E-mails: Broomfield looks for 'leaker,' blames media

9 Wants to Know, www.9news.com
BYLINE: Deborah.Sherman, .
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Broomfield, CO

2011-02-18_INT_E-mails Broomfield looks for leaker_01BROOMFIELD - E-mails from Broomfield's police chief and city council members show they're blaming the media for reporting about their problems and trying to find and punish the person who leaked memos about lost evidence and years of mismanagement inside the property and evidence room. The e-mails also show the chief took steps to address the problems only after 9Wants to Know questioned him about the missing items.

"I certainly hope you are able to discover who had access to internal memos and who leaked them to press and that appropriate action can be taken," City Councilwoman Linda Reynolds wrote on Feb. 8 to Police Chief Tom Deland. "I want you to know that personally I have all the confidence in you and your department and that this distortion is trash news."

"I have no idea why one of our own would bring discredit upon all the hard working and brave members of our department," Deland wrote in an e-mail Feb. to all police officers.

2011-02-18_INT_E-mails Broomfield looks for leaker_02City Manager George Di Ciero told 9NEWS on Feb. 16 that it's not city policy to look for the people who released the audit to 9NEWS.

However, in an e-mail to the city council, Deland wrote, "At this time, it is unknown exactly how 9NEWS obtained a copy of the confidential internal audit. If that information is eventually obtained, appropriate action will be taken."

Earlier this month, a 9Wants to Know investigation released the results of internal memos and an audit that found there were 15,000 pieces of old evidence that could be destroyed, there were several hundred data entry errors for tracking evidence and property, and that there were 257 pieces of evidence missing or unable to locate.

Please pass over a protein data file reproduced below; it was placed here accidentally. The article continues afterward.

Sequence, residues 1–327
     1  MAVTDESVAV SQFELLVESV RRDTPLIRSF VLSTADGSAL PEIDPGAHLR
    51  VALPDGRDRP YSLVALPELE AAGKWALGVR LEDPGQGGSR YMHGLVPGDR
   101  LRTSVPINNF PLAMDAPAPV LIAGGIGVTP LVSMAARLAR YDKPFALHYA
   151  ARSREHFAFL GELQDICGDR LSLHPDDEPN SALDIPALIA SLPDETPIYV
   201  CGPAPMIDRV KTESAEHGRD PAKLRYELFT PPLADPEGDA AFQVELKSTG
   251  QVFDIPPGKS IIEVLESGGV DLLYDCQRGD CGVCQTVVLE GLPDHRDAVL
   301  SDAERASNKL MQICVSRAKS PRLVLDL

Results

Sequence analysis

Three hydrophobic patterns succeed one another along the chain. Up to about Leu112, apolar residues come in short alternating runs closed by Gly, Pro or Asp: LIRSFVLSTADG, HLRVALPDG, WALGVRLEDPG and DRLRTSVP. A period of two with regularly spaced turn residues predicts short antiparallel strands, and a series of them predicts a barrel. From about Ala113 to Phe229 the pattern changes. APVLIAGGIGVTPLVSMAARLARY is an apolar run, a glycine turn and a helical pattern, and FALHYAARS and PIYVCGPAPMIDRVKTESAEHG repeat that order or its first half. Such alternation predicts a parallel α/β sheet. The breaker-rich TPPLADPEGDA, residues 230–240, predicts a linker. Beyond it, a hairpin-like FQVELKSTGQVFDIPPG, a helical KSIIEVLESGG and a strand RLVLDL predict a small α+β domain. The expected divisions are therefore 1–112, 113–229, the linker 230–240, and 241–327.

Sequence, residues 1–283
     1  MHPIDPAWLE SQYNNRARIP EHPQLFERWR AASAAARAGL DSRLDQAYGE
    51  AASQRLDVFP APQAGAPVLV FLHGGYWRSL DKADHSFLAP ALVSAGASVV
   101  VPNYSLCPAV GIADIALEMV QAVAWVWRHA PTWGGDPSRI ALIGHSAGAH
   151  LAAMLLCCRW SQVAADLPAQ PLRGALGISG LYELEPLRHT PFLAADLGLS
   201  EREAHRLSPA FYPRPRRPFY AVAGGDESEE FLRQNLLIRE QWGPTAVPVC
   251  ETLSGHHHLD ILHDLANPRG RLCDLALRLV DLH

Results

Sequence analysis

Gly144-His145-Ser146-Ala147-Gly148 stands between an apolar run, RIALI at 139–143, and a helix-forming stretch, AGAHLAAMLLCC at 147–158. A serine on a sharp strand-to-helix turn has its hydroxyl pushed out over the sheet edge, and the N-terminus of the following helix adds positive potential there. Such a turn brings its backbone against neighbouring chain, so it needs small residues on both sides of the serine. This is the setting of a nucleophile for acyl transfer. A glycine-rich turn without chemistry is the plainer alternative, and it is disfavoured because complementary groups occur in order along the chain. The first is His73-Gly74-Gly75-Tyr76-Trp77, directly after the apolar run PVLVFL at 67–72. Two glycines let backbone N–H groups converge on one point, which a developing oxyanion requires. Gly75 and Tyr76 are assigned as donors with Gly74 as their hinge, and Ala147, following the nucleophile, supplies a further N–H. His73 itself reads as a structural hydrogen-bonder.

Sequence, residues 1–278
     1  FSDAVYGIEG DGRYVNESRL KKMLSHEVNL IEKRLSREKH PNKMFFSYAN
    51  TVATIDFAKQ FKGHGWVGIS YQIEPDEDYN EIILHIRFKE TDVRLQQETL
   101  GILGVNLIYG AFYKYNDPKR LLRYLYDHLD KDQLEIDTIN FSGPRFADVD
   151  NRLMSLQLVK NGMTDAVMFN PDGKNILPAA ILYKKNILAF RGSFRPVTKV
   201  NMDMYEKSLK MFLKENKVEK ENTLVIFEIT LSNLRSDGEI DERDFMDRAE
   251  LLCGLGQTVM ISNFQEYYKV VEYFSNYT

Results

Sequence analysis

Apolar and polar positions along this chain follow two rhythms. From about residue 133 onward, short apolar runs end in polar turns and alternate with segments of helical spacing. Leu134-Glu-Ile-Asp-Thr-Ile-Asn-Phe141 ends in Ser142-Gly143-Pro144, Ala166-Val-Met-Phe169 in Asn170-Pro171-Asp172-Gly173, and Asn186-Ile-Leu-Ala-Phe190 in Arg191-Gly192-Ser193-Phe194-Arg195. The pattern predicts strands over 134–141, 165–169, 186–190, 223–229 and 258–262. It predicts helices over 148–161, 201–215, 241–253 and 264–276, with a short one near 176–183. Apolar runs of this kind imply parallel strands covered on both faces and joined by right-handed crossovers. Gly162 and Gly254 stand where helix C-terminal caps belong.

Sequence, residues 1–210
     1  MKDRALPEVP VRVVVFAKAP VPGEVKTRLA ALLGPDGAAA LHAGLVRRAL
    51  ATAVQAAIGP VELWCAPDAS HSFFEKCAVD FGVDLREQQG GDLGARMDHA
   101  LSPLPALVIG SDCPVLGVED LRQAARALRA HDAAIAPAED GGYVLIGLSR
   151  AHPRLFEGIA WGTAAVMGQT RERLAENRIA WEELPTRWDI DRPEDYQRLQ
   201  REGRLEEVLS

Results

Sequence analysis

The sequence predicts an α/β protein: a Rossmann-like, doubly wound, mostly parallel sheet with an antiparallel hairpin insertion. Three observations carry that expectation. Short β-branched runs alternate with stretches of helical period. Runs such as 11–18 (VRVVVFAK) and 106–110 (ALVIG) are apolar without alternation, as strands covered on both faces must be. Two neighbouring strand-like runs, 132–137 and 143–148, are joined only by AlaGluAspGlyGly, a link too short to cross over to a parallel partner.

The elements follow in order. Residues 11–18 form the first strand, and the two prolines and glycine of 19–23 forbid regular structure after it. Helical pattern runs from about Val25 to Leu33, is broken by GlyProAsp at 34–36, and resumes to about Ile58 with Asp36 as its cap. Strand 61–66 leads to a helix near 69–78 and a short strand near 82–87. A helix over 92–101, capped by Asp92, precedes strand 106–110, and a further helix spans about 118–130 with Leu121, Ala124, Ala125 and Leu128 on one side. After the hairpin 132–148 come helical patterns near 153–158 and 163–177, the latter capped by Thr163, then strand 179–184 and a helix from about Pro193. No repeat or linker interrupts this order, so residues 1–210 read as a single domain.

The auditor found the accountability for the evidence was unacceptable and found a "pattern of problems" in the room. Experts told 9NEWS evidence must be handled with care to maintain a "chain of custody" for court cases.

Personnel records show the two evidence technicians in charge of the room had repeatedly been ranked "proficient" or average or "below-standard" in areas critical to management and organization. Yet, the chief kept them in their current positions without any disciplinary action.

E-mails show the chief made several changes only after he realized the story was going to be broadcast on 9NEWS.

After interviews with 9NEWS, "Chief Deland reassigned a sergeant on a full-time basis to work in the property and evidence room and observe and monitor the procedures," Di Ciero wrote to the city council. "Chief Deland also requested the city's newly appointed director of performance and internal audit to conduct a process audit of the property room."

The chief initiated performance evaluations and improvement measures and contacted the 17th Judicial District Attorney about the missing evidence after learning about the 9NEWS investigation, according to the e-mails.

Two audits of the evidence and property room were launched after the news coverage. One audit is an overall audit conducted by the city's independent auditors who will report to the mayor and city council. The second audit will be conducted by the city and county's internal auditor and will be reported to the manager.

The manager was very critical of the media for broadcasting the city's problems, according to e-mails.

"Here is a classic example of "if it bleeds, it leads," Di Ciero wrote on Feb. 6. "This must really be a down time for real news, so they want to create some. This is patently disgusting."

Of the missing items, the police chief says 93 are still missing and 162 of them have been accounted for, according to Deland.

He says 45 items were found in the room which had been misplaced in one of the storage areas. 117 items were accounted for by reviewing handwritten logs that documented the proper disposition of the property. Of the 93 items still missing, the chief says he suspects data entry mistakes are to blame and says personnel are still trying to track down the items.

Of the mismanaged evidence, 45 items belonged to felony cases and 29 were misdemeanor or traffic cases, according to the 17th Judicial District office. No criminal case outcomes were impacted as a result of the destroyed or missing evidence.

If you have any news tips or story ideas, please e-mail Investigative Reporter Deborah Sherman at .

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